C. Allegations of Violations against Children

Children often suffer the most during armed conflict and oppressive occupation. Palestine is no exception.

In a recent report on the world’s children, UNICEF lists Palestinian children within the occupied territories as experiencing physical and psychological aggression to an extent greater than any other children on earth.  And UNDP recently concluded, as concerns Palestinian refugees, that the “Palestinian case, more than any other, illustrates the hardships faced by refugees when conflict is protracted, insecurity is rampant and local economic opportunities are almost non-existent.” 

Other violations of children’s human rights include:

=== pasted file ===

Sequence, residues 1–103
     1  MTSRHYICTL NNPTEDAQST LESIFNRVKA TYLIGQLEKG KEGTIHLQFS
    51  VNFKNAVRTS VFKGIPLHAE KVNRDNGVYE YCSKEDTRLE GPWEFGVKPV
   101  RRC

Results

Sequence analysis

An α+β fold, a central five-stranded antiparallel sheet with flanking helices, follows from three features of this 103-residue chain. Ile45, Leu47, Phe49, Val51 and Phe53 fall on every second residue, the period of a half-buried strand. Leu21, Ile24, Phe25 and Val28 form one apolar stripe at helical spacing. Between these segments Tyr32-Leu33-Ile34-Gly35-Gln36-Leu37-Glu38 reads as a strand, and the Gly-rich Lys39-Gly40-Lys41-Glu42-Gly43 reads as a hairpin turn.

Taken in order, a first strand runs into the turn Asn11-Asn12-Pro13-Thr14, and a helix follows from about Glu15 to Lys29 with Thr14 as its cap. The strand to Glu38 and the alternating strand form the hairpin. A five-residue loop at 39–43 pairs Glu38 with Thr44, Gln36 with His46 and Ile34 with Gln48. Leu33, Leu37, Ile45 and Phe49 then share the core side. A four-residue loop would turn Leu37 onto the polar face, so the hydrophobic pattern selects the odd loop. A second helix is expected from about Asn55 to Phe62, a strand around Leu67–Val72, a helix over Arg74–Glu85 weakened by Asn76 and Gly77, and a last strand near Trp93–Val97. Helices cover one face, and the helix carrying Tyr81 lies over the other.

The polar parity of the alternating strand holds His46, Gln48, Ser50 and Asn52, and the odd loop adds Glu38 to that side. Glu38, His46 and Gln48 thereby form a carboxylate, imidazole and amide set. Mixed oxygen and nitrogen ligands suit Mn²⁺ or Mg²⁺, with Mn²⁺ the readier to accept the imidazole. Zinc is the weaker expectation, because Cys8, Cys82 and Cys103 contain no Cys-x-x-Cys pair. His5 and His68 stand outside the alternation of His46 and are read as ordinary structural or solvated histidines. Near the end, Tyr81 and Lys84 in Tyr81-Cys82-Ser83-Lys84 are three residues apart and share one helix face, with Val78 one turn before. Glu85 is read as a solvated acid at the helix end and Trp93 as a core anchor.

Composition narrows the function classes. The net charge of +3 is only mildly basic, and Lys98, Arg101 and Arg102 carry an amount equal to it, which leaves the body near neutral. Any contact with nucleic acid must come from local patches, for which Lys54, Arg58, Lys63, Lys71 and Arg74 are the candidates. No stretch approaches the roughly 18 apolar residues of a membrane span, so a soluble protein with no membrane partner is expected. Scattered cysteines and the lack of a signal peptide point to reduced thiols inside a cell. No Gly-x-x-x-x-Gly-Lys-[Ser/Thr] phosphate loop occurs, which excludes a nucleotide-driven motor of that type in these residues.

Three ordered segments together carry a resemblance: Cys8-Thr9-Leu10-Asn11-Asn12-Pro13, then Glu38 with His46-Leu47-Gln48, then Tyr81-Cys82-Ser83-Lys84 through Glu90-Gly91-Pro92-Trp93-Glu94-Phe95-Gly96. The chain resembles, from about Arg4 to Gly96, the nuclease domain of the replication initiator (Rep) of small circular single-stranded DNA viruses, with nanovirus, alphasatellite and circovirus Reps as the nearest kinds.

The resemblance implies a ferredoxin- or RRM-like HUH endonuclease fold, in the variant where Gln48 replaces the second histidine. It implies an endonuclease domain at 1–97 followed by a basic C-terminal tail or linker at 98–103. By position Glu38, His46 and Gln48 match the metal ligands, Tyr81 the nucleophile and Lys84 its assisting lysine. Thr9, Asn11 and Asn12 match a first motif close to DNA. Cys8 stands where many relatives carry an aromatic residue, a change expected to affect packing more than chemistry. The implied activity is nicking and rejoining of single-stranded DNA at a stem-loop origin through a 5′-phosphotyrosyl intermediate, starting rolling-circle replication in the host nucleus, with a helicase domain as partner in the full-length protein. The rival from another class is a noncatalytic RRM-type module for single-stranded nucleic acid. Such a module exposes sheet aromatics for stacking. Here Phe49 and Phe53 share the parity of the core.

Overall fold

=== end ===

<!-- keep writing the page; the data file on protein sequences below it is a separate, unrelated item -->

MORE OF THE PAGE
• arbitrary killing of children;
• inhuman treatment and torture of children;
• lack of due process/fair trial for children;
• arbitrary violence against children;
• arbitrary arrest of children;
• violations of children’s right to health by creating conditions causing disease;
• denying humanitarian relief to children;
• interfering with children’s ability to learn by the blockade on Gaza and attacks against schools.

The suffering of children as a consequence of violence and war is well documented.  The above acts against children indicate a very serious threat to Palestinian children. And again it is not by coincidence that the international community has agreed to outlaw such actions as violations of international law.

D. Allegations of Genocide

The allegations of genocide that have been levied against Israel are often not distinct from the reports of the longstanding serious and widespread violations of human rights already mentioned, but are in fact an accumulation of these violations.